Rep. Madison Cawthorn is suing members of the North Carolina State Board of Elections who allege that he is ineligible for reelection because his involvement at a Jan. 6, 2021, White House rally that “amounted to an insurrection.”
Cawthorn (R-N.C.) , who filed for candidacy in the state’s 13th Congressional District last month, spoke at a rally on Jan. 6in front of the White House before rioters stormed the Capitol. Then-President Donald Trump, whose speech headlined that rally, urged attendees to march on the Capitol, told them to “be strong” and said that “you’ll never take back our country with weakness.”
Trump supporters left that rally and swarmed the Capitol, some violently forcing their way inside the building in an effort to block congressional certification of Joe Biden’s Electoral College victory. The insurrection left four rioters dead and more than 150 law enforcement officers injured. One officer died of a stroke after responding to the riot and multiple others died by suicide in the days after.
North Carolina election officials moving to block Cawthorn’s reelection bid cite Section 3 of the 14th Amendment, which prohibits public officials from holding office if they have “engaged in insurrection or rebellion” against the United States.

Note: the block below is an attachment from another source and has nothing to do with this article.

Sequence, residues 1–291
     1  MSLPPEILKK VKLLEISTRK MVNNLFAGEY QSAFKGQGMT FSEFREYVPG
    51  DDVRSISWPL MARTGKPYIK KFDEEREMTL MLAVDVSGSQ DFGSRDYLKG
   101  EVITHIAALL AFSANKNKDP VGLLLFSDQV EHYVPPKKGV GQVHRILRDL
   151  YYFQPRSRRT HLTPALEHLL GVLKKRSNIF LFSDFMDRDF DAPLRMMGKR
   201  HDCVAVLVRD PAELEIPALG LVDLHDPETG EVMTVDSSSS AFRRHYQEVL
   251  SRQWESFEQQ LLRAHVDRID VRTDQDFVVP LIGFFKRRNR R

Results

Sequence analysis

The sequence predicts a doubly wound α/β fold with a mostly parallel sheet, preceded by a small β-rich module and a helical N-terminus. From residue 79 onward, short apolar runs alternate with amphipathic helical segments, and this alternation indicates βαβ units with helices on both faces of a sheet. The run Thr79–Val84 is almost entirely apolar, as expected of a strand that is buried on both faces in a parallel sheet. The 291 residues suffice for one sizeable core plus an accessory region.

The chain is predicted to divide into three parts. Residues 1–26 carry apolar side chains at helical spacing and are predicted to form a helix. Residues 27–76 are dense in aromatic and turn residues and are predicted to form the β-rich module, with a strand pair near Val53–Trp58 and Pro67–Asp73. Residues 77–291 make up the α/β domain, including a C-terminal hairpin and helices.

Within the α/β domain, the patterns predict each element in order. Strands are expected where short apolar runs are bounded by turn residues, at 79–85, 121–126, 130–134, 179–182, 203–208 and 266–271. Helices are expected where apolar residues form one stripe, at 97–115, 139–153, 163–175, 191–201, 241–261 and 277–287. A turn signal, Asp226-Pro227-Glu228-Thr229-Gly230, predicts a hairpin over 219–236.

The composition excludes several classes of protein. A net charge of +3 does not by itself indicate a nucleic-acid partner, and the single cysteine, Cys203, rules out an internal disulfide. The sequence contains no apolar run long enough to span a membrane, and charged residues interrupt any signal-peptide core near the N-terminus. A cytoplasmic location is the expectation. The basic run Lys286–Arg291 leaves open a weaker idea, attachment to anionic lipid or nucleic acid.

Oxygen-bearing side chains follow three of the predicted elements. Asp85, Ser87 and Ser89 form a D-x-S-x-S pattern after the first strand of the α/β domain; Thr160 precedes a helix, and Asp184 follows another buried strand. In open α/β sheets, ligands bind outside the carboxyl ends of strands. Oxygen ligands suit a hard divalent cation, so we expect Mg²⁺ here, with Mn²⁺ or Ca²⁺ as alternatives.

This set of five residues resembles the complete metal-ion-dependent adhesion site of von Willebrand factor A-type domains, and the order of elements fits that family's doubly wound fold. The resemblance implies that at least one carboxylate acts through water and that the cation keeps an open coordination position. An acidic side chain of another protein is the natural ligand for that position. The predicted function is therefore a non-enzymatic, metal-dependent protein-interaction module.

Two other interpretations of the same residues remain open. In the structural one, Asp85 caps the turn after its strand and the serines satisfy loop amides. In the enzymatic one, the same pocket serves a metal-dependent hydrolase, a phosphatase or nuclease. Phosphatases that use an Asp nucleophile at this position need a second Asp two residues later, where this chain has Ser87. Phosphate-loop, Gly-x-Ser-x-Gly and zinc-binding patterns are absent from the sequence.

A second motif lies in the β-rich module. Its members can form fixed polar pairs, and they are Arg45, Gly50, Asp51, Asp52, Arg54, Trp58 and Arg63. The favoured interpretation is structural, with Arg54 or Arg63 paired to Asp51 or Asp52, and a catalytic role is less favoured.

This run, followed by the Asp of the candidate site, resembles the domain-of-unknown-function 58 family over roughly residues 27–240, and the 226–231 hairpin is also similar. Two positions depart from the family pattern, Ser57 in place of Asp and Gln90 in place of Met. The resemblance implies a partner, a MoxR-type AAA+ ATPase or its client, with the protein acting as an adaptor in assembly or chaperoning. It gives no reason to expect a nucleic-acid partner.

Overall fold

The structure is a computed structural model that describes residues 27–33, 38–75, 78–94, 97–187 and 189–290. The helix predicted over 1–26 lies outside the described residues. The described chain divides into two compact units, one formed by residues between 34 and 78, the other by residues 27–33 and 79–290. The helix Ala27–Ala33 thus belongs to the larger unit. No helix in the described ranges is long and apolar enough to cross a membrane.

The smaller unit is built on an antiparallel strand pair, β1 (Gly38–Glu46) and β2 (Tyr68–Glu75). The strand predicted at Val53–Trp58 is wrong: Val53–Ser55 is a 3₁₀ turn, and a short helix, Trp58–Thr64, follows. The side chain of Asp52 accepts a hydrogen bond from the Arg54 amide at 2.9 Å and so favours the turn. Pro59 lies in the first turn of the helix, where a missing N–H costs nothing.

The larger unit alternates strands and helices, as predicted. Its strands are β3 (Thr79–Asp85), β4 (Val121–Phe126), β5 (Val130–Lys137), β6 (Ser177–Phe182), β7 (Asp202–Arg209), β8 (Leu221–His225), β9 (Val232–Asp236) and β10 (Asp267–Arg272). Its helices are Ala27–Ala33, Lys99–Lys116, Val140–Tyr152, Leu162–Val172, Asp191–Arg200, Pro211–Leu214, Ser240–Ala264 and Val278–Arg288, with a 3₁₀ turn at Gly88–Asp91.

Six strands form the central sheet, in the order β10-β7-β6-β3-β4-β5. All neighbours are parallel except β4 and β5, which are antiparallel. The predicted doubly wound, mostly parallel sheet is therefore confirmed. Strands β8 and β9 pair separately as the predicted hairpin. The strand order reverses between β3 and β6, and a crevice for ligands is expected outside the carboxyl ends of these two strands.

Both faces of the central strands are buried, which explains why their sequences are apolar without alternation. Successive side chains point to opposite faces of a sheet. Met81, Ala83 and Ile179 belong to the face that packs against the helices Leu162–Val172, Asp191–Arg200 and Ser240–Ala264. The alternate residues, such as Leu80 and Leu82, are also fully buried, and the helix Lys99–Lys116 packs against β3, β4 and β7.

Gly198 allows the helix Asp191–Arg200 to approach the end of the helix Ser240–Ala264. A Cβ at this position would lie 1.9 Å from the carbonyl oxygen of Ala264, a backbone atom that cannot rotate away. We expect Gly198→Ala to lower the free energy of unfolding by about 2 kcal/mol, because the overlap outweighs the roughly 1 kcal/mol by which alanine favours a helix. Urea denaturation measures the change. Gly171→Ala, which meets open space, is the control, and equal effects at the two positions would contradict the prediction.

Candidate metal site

Cawthorn’s lawsuit, filed on Monday, denies that he participated in “insurrection or rebellion” and claims he is eligible to run for office under state law. The lawsuit also disputes the claim that under the 14th Amendment he is ineligible for candidacy because of his involvement in a Jan.6 rally.
The suit also argues that the challenge isn’t based on reasonable suspicion and violates his right to run for office.
“Running for political office is quintessential First Amendment activity and afforded great protection,” the lawsuit said.
Cawthorn is being represented by prominent Republican lawyer James Bopp Jr. The case was assigned to Washington-based U.S. District Judge Richard Myers II, a Trump appointee.